But as Eugene Kontorvich, professor of International Law at Northwestern University, wrote in the June 2014 edition of The Tower, “the idea that Palestinians should have a right to vote in Israeli elections, however, rests on the false assumption that Israel governs them — and more specifically legislates for them.” In actuality, according to the same Tower piece, 95 percent of Palestinians in areas A and B of the West Bank as well as Gaza are administered civically by the Palestinian Authority, a governmental entity entirely separate from Israel. 

Parallel to the apartheid claim is the defamatory and incendiary charge of genocide, which is uniquely and profoundly offensive to the Jewish people given their history of persecution and close acquaintance with the catastrophe that murdered millions of their population less than a century ago. 

Worse, this accusation goes beyond insensitivity and offensiveness — it’s simply false. According to census reports from the Israeli Central Bureau of Statistics, the Arab population of both Israel and the West Bank has multiplied more than four-fold since 1950, and the growth rate of Arabs in Israel is higher than that of Jews — 2.1 percent versus 1.7 percent. Moreover, according to the English NGO thinktank Human Security Centre, “The overall health of the Palestinians has significantly improved since 1967, whether you look at life expectancy, infant mortality or health care.” 

These very population and quality of life increases over the last half-century defy the definition of genocide, which, according to the UN, is the “intent to destroy, in whole or in part, a national, ethnical, racial or religious group.” In fact, the International Criminal Court, the most prominent international judiciary, has not charged Israel of genocide.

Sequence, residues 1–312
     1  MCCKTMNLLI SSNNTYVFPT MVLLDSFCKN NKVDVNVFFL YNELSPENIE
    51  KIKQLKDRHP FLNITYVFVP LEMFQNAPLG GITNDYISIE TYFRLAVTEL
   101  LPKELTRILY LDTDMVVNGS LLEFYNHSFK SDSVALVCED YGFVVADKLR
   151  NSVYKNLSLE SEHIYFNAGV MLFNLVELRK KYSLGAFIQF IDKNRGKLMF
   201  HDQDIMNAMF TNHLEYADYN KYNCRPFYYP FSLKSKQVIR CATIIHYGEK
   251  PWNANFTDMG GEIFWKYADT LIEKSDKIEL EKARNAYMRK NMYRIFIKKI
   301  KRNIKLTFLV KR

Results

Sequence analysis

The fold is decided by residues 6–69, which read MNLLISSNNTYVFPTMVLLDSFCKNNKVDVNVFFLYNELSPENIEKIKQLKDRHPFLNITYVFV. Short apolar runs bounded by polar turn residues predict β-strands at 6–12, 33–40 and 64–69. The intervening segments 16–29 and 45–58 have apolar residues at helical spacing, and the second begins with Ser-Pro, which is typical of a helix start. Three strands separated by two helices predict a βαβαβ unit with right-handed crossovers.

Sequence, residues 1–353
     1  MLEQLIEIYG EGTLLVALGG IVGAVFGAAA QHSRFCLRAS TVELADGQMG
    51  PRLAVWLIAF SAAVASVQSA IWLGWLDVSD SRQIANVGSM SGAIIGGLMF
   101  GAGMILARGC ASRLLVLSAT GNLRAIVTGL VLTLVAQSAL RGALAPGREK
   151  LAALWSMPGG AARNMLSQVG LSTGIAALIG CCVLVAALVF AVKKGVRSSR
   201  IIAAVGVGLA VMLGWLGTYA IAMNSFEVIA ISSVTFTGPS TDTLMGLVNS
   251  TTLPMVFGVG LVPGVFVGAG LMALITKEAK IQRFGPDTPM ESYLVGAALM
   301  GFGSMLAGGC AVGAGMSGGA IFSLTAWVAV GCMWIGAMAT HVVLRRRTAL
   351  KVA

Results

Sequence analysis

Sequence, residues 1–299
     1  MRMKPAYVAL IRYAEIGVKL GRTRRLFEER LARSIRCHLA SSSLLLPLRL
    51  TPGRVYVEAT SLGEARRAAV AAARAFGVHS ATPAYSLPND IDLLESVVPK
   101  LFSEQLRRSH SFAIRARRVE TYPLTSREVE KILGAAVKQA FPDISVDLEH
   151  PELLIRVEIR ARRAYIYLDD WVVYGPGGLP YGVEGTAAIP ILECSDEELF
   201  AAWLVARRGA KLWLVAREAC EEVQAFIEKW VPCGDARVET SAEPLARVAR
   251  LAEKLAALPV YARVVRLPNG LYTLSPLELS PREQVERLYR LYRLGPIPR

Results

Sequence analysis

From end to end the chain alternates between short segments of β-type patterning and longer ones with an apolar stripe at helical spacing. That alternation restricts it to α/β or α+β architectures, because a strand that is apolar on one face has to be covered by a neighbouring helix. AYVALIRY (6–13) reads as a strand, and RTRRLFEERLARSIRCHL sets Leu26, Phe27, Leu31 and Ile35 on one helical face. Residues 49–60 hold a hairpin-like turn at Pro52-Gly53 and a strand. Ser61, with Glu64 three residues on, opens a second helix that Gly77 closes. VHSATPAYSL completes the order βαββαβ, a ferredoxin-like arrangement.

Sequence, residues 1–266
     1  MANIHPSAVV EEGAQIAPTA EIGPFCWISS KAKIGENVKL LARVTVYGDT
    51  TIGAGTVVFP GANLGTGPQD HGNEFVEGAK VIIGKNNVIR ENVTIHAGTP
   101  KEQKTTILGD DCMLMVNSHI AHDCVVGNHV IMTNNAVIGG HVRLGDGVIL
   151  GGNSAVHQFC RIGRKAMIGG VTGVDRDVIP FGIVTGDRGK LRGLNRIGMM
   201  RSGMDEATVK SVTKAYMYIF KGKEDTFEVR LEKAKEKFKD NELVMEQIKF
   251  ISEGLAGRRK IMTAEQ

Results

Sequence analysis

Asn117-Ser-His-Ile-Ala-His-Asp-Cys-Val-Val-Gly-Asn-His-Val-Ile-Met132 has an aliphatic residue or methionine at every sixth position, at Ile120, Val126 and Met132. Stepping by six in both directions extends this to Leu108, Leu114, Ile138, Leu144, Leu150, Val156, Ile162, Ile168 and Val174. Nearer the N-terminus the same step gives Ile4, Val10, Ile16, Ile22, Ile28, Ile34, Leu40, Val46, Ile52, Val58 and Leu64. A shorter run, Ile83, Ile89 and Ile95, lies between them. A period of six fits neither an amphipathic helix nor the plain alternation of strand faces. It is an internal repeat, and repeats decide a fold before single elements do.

Sadly it is not difficult to detect potential anti-Semitism in the MBL’s platform, one that falsely accuses the Jewish state of genocide while conveniently failing to mention the domestic human-rights abuses perpetrated today by Syria, Somalia, Sudan and many other nations. 

Indeed, the United States Department of State itself cites “applying double standards” as a way in which “anti-Semitism manifests itself with regard to the state of Israel” in their official fact sheet titled “Defining Anti-Semitism.” 

The MBL also cites the Boycott, Divestment, and Sanctions (BDS) movement as a source of inspiration — a movement whose co-founder Omar Bargouti has not only opposed a two-state solution but also suggested countless times his aim to dismantle the Jewish state. He even co-signed “The One-State Declaration,” a document calling for the demise of Israel as a Jewish state, among other things, published by the Electronic Intifada on Nov. 29, 2007.

This support of a movement as intolerant as BDS is even more shocking after examining the history of American civil rights movements; many American civil rights leaders such as Martin Luther King, Jr. and Malcolm X were staunch supporters of Israel. In fact, at the 68th annual convention of the Rabbinical Assembly on Mar. 25, 1968, MLK, Jr. declared, “The whole world must see that Israel must exist and has the right to exist, and is one of the great outposts of democracy in the world.” 

United States Representative John Lewis, a civil rights leader who worked with MLK, Jr., has said the following of the monumental figure: “[MLK] understood that a special relationship exists between African Americans and Jews … He knew that both peoples have been subjected to oppression and genocide on a level unprecedented in history.”

In other words, our two communities have more in common overall than most realize. 

Past American civil rights leaders embraced the Jewish community with commendable  tolerance. Forgoing this is hypocritical and weakens the MBL. 

Instead, the MBL should renounce its pernicious demonization of and irrational focus on the Jewish state. 

Whatever the exact cause of the manifesto’s unbefitting language — namely, “apartheid” and “genocide” — their hostility toward Israel is based on ignorance. Next time, the MBL should consider checking the facts more carefully before publishing such an encompassing document. 

There’s hope; Brandeis Bridges and similar initiatives that promote dialogue between the Jewish community and the black community can continue to foster a mutual, genuine understanding of their dual narratives to combat further propagation of these and other erroneous accusations.